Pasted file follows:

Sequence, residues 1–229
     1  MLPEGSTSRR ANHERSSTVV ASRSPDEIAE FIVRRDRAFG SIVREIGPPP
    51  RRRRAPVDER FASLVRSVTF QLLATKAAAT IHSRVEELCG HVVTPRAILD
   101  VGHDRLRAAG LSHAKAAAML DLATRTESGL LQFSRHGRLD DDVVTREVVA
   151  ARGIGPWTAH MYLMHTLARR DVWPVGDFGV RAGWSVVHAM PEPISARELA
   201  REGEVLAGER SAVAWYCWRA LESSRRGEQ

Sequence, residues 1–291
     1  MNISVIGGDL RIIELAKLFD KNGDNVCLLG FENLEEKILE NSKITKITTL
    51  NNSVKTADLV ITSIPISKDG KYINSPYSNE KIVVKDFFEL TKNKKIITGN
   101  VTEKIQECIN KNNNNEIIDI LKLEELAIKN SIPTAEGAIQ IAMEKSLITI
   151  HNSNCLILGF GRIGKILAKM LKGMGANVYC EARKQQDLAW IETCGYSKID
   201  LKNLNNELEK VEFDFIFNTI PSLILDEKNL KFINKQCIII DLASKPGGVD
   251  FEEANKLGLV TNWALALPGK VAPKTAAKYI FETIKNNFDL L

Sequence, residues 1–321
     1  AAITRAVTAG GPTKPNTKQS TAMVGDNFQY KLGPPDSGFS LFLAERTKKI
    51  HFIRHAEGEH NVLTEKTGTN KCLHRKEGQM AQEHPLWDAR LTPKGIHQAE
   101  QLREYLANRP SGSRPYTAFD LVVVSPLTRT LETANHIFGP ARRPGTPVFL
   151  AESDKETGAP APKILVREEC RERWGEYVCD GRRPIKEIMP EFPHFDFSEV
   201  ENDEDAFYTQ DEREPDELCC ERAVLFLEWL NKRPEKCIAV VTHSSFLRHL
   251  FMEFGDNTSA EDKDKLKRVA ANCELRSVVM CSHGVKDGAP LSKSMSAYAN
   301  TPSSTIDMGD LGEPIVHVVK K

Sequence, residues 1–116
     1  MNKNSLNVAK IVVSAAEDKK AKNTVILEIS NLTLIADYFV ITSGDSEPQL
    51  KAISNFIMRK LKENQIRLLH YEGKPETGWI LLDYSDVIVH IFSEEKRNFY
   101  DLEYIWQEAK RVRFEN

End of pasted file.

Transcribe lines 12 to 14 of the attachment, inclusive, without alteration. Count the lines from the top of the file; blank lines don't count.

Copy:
   201  LKNLNNELEK VEFDFIFNTI PSLILDEKNL KFINKQCIII DLASKPGGVD
   251  FEEANKLGLV TNWALALPGK VAPKTAAKYI FETIKNNFDL L

Sequence, residues 1–321